BEIJING — Human Rights Watch has called on Beijing to explain the fate of 20 Uighurs deported from Cambodia a year ago who had sought asylum following deadly ethnic violence in China’s far-western Xinjiang region.
The Uighurs, members of a mainly Muslim minority group who have complained of oppression in Xinjiang, were handed over to China despite their application for UN refugee status, after Beijing had pressed Cambodia for their return.
China said they were wanted in connection with rioting that erupted in July 2009 in the Xinjiang capital Urumqi between Uighurs and China’s majority Han ethnic group that left nearly 200 people dead, according to official tolls. “Uighurs deported to China are at clear risk of torture,” Human Rights Watch’s Asia advocacy director, Sophie Richardson, said in a statement released Friday in New York, where the group is based.
“China’s failure to account for any of those asylum seekers a year after their forced return is extremely worrying.” Cambodia’s decision to deport the Uighurs was quickly followed by a 1.2-billion-dollar aid and loan package from Beijing. China has rejected accusations of a link between the two. The Uighurs had expressed fears of persecution and torture if they were sent home to China, which implemented a massive security crackdown in Xinjiang following the violence. Phnom Penh said the group, which Beijing had labelled as “criminals”, was expelled in line with domestic law.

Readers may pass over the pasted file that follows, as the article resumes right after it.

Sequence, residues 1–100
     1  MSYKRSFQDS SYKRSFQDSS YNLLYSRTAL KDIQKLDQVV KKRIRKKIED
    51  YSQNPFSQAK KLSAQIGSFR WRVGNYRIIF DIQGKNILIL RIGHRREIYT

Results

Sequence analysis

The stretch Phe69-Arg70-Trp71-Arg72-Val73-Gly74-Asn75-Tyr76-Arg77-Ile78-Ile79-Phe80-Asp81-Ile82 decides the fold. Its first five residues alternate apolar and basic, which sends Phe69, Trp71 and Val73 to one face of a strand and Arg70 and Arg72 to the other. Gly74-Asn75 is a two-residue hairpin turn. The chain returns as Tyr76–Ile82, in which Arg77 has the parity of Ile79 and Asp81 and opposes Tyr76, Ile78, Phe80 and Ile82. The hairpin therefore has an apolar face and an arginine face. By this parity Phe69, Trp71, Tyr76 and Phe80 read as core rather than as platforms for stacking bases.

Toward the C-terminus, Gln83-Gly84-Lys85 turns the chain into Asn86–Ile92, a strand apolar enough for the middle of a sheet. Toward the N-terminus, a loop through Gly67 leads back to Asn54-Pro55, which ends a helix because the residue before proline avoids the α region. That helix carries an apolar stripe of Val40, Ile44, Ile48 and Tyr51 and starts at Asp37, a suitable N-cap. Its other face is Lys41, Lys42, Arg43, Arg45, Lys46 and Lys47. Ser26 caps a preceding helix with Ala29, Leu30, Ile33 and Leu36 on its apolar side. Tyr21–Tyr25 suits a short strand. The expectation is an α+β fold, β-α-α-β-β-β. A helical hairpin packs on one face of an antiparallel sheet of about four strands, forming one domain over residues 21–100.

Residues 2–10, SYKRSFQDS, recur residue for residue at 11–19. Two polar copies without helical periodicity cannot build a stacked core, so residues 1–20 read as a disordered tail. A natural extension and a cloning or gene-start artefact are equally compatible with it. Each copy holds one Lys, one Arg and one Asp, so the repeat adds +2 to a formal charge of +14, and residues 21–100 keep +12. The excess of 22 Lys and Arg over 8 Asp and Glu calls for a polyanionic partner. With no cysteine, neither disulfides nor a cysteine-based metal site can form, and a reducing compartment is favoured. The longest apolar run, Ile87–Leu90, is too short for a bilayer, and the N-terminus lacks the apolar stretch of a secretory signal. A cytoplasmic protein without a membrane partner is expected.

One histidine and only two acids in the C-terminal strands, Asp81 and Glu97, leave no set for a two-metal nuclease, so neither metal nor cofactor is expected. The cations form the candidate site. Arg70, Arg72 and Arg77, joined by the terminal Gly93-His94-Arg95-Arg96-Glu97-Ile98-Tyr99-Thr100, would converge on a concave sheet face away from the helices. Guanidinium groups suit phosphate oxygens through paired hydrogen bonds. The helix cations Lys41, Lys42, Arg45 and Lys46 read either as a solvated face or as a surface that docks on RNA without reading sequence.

But the US, the European Union, the United Nations and rights groups deplored the move as an apparent breach of an international convention on refugees. “Both China and Cambodia should be held accountable for their flagrant disregard of their obligations under international law,” Richardson said. “This case is a stark reminder that no country should deport Uighur asylum seekers back to China.”